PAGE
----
If every time you (or your kids!) open the pantry, loads of treats stare out at you, this week’s New York Times Magazine cover story, The Extraordinary Science of Addictive Junk Food, came just in time. In case you’re not the type to read a long feature (though, it’s well worth it), I’ll tell you the gist of it. And then, of course, I’ll offer an idea to combat that junk.
“Today, one in three adults is considered clinically obese, along with one in five kids, and 24 million Americans are afflicted by type 2 diabetes, often caused by poor diet, with another 79 million people having pre-diabetes.” Those are stark numbers. And they’re even higher in the Orthodox community, according to a Mt. Sinai Hospital survey.
These numbers are not just a matter of our lack of self control. Rather, there’s a conscious effort — taking place in labs and marketing meetings and grocery-store aisles — to get people hooked on foods that are convenient and inexpensive. The amount of salt, sugar, oil in products; the way that the food crunches or dissolves; it’s color and packaging are all scientifically designed to push our evolutionary buttons so that we can’t stop eating. About the Cheetos, for example, one food scientist said, “If something melts down quickly, your brain thinks that there’s no calories in it . . . you can just keep eating it forever.”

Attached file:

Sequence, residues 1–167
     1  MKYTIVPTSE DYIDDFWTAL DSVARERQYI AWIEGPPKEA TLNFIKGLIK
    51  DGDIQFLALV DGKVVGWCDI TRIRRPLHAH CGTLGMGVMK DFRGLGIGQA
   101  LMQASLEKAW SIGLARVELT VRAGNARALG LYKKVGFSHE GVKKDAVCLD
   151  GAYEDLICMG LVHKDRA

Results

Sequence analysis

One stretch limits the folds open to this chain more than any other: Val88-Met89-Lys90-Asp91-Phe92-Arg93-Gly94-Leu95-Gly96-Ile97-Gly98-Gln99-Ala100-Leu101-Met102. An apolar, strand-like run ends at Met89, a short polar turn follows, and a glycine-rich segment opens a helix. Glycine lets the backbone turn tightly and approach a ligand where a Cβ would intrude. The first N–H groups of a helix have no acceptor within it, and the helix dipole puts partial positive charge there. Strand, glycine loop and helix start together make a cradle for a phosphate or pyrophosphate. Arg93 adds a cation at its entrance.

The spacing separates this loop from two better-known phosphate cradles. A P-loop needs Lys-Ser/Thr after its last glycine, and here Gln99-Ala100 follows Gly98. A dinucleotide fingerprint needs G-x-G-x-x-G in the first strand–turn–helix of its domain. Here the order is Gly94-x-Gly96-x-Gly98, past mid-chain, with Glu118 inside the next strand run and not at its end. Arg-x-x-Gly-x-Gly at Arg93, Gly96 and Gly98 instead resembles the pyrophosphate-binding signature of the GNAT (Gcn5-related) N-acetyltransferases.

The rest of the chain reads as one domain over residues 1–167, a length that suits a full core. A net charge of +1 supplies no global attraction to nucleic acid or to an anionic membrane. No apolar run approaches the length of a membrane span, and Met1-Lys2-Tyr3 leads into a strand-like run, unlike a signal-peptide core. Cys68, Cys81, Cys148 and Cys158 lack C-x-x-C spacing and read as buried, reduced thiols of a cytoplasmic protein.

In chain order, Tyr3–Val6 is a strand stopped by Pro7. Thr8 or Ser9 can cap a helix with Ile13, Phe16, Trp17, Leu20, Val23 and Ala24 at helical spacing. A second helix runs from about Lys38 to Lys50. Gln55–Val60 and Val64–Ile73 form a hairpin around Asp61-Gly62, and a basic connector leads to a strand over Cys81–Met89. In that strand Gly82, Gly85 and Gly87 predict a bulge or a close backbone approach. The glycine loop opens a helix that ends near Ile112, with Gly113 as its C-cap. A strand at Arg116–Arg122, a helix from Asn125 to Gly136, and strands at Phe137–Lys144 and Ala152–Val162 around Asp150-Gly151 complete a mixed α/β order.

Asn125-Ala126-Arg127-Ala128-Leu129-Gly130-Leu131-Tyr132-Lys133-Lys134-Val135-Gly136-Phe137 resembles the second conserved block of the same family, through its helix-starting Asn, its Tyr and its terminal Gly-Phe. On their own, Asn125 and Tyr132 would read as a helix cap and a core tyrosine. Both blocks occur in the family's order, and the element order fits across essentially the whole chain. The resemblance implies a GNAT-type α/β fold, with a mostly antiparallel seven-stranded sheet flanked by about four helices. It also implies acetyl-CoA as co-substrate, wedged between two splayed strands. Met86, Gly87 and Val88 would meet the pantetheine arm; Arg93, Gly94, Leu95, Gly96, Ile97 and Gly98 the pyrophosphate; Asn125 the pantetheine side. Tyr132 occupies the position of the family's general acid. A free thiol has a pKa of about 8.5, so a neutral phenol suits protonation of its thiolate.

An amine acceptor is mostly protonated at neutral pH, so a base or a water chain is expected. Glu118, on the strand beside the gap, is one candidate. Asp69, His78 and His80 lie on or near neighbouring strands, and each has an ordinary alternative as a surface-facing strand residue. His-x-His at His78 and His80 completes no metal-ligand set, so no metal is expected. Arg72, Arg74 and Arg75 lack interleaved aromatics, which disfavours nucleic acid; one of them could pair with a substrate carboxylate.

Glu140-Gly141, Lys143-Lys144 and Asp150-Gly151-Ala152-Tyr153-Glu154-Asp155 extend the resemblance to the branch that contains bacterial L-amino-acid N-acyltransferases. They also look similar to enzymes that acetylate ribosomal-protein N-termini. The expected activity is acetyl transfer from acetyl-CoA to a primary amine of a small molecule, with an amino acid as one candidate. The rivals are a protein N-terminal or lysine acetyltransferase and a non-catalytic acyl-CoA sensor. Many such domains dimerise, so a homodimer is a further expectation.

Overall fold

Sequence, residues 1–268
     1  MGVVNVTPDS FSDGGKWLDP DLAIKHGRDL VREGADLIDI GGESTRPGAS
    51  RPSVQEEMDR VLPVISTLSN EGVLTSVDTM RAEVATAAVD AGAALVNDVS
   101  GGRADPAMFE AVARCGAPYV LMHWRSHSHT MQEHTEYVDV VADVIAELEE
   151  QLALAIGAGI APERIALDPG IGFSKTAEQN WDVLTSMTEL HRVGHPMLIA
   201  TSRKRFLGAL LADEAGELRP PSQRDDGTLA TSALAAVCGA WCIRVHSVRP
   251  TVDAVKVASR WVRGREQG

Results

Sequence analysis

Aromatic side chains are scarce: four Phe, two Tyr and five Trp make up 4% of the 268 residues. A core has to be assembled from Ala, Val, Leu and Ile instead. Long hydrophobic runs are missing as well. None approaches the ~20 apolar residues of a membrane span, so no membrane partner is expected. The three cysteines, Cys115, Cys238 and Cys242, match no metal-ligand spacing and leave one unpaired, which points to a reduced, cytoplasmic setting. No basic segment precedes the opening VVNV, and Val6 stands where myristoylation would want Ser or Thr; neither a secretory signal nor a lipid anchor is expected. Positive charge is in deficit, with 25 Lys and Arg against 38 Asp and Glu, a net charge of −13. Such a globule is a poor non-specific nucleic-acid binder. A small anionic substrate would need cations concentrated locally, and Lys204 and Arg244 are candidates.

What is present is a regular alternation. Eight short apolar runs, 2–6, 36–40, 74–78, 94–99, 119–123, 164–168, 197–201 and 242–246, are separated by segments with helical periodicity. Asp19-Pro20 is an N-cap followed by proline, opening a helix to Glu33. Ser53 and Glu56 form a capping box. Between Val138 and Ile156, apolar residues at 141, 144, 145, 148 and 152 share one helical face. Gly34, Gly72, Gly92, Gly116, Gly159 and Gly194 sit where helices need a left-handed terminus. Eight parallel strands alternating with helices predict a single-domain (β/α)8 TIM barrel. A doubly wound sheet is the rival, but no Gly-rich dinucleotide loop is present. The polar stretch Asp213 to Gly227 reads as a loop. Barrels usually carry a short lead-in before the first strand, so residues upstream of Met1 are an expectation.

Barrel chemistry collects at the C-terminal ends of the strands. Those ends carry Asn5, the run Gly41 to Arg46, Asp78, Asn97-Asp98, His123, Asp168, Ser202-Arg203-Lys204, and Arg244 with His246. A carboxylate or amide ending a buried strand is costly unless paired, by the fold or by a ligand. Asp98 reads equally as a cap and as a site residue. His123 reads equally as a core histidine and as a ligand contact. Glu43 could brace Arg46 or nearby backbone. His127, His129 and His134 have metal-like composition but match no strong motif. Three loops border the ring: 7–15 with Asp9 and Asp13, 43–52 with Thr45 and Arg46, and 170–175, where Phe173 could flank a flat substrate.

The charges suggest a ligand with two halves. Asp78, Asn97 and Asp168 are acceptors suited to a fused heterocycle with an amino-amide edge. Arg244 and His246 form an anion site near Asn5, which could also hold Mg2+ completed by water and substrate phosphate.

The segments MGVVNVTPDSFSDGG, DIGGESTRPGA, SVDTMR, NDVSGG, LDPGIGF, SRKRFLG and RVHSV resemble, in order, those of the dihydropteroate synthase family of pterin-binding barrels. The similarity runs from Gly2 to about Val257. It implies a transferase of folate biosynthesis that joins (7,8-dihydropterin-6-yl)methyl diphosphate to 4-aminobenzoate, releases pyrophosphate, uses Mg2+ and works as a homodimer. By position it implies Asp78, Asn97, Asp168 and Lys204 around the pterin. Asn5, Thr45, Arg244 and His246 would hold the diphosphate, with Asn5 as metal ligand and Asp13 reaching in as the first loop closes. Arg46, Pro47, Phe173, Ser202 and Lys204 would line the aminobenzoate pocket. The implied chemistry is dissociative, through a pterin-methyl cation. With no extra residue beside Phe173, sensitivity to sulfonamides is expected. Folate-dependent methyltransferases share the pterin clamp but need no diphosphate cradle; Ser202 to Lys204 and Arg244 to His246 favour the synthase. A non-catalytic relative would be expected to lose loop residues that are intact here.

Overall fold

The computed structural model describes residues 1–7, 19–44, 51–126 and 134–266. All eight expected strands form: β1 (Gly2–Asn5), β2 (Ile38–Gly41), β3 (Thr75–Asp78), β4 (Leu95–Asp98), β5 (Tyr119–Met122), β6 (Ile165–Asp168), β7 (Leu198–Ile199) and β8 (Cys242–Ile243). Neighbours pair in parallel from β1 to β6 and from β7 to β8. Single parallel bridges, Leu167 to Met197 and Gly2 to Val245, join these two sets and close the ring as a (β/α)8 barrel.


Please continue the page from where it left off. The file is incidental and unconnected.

And then there are foods that we think are healthy–like yogurt and pasta sauce–that contain more sugar than Lucky Charms (pretty much the most sugary cereal one could imagine).
So, if you’re going to try dropping some processed foods from the family diet, why not start with breakfast? Try buying large containers of plain oats and 1/2 gallons of plain yogurt, instead of the sugary pre-packaged alternatives. If you like yours sweet, add a little bit of honey or real maple syrup yourself and some fresh fruit. The result will taste even better, and you’ll save money too!